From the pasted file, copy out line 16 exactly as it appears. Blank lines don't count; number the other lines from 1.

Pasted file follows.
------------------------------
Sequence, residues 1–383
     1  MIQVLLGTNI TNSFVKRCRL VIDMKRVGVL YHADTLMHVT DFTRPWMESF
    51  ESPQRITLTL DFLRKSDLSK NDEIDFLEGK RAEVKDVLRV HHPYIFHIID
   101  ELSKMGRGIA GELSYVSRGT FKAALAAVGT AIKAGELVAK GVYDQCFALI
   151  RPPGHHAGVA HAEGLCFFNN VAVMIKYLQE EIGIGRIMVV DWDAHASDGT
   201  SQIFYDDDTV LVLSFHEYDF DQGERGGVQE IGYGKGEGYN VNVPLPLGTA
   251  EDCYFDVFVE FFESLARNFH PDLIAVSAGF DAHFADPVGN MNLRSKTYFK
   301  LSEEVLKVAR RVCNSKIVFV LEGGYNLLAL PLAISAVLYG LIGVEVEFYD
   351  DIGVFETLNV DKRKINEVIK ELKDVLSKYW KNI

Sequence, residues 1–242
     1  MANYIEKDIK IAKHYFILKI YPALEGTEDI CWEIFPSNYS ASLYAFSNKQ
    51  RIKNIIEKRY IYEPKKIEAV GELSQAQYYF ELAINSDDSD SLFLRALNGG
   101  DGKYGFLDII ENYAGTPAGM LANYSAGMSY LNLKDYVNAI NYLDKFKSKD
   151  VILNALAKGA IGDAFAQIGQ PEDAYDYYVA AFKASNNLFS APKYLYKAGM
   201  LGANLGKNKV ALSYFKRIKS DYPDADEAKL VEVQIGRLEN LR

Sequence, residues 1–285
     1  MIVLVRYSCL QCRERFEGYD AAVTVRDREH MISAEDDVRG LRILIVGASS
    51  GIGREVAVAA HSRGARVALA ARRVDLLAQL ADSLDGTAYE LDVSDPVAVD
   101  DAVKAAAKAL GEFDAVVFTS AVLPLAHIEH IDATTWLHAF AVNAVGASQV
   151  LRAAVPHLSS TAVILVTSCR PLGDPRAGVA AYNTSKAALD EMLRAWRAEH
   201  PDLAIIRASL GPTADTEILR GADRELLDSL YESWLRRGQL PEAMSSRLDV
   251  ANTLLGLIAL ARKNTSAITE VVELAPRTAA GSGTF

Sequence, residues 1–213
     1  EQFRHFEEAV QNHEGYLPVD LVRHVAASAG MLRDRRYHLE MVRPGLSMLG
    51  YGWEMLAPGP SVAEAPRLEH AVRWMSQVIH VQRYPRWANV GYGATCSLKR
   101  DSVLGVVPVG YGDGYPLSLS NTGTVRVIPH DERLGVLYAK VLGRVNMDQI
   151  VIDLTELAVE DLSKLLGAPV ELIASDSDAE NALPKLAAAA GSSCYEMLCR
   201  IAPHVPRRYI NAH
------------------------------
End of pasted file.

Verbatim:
Sequence, residues 1–285